JDK-8051498 : JEP 244: TLS Application-Layer Protocol Negotiation Extension
  • Type: JEP
  • Component: security-libs
  • Sub-Component: javax.net.ssl
  • Priority: P1
  • Status: Closed
  • Resolution: Delivered
  • Fix Versions: 9
  • Submitted: 2014-01-08
  • Updated: 2022-08-10
  • Resolved: 2017-08-07
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Sub Tasks
JDK-8062848 :  
JDK-8076355 :  
JDK-8076356 :  
JDK-8144093 :  
JDK-8242783 :  

Extend the `javax.net.ssl` package to support the TLS
[Application Layer Protocol Negotiation (ALPN) Extension](http://www.rfc-editor.org/rfc/rfc7301.txt),
which provides the means to negotiate an application protocol for a TLS connection.


In order to support TLS clients and servers wishing to use multiple
application-layer protocols over the same transport-layer port, the ALPN
extension allows a client to provide a list of the application-layer
protocols it supports, in order of preference.  A server can then select
one of the advertised client protocols and tell the client which protocol
will be used in the TLS connection.

One important consumer of this TLS extension will be the
[HTTP/2 client (JEP 110)](http://openjdk.java.net/jeps/110), which will
implement [HTTP/2](http://www.rfc-editor.org/info/rfc7540).


This feature defines a public API to negotiate the application-layer
protocols that can be transmitted over a given TLS connection.  Protocol
names are conveyed between client and server during the initial TLS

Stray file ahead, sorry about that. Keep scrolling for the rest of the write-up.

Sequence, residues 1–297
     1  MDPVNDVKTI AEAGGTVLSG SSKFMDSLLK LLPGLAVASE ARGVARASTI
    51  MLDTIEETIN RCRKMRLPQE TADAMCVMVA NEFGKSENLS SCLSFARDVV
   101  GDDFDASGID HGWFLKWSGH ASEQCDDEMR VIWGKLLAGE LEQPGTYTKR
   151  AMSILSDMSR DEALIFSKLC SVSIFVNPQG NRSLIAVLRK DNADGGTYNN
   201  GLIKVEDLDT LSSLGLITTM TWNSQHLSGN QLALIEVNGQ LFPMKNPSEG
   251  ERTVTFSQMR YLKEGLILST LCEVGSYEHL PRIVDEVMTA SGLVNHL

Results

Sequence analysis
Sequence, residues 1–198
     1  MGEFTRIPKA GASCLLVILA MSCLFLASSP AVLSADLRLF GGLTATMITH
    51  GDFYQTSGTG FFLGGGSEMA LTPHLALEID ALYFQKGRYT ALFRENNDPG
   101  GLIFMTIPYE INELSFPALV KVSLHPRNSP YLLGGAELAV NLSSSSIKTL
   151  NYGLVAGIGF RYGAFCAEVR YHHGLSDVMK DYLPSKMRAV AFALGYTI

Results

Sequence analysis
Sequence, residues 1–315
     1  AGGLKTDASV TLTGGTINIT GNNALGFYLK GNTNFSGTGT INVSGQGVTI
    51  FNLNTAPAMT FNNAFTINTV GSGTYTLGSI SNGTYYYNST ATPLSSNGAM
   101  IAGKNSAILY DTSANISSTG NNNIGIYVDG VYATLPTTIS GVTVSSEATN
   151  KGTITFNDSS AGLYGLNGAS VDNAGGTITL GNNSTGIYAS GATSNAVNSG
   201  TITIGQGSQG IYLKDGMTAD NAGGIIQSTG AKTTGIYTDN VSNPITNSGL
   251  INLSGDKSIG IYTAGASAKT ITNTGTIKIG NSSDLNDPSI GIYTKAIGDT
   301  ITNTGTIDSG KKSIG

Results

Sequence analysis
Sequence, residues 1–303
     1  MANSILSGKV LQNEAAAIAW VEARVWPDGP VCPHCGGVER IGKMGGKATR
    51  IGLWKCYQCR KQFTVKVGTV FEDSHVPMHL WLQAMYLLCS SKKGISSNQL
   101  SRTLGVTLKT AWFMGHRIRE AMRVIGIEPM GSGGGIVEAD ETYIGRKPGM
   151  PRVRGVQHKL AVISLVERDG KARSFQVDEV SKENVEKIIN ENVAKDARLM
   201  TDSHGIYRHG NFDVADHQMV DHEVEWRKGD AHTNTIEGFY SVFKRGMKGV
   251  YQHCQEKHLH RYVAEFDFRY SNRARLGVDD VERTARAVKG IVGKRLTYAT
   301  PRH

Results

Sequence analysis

A TLS application can use an
extended `SSLParameters` class to get and set the list of
application-layer protocols that it can support on a given connection.
The TLS implementation also uses this class to retrieve the protocol
names declared by the application.

The default behavior is to select the server's most-preferred intersection value
of the enabled application protocol values.

Server applications can also externally scan the initial plaintext ClientHellos to select an
appropriate ALPN protocol value for this connection. 
This decision might be made based on offered 
TLS protocols, ciphersuites, Server Name Indication values, etc.  The server
application can then:

 - select one of the offered protocols if it will support it,
 - decide the remotely offered and locally supported ALPN values are mutually exclusive, or  
 - ignore the extension completely.

A server may alter connection parameters, such as the server certificate
it advertises, based on which application protocols are available during the

After the SSL/TLS handshake has started, there are new methods on `SSLSocket/SSLEngine`
that allow the application to query if an ALPN value has been selected yet (`getHandshakeApplicationProtocol()`).  
Once the TLS handshake has completed, an application can then
examine which protocol has been negotiated using the
`getApplicationProtocol()` method.

The proposed design follows a similar API methodology used for the
[Server Name Indication Extension (JEP 114)](http://openjdk.java.net/jeps/114),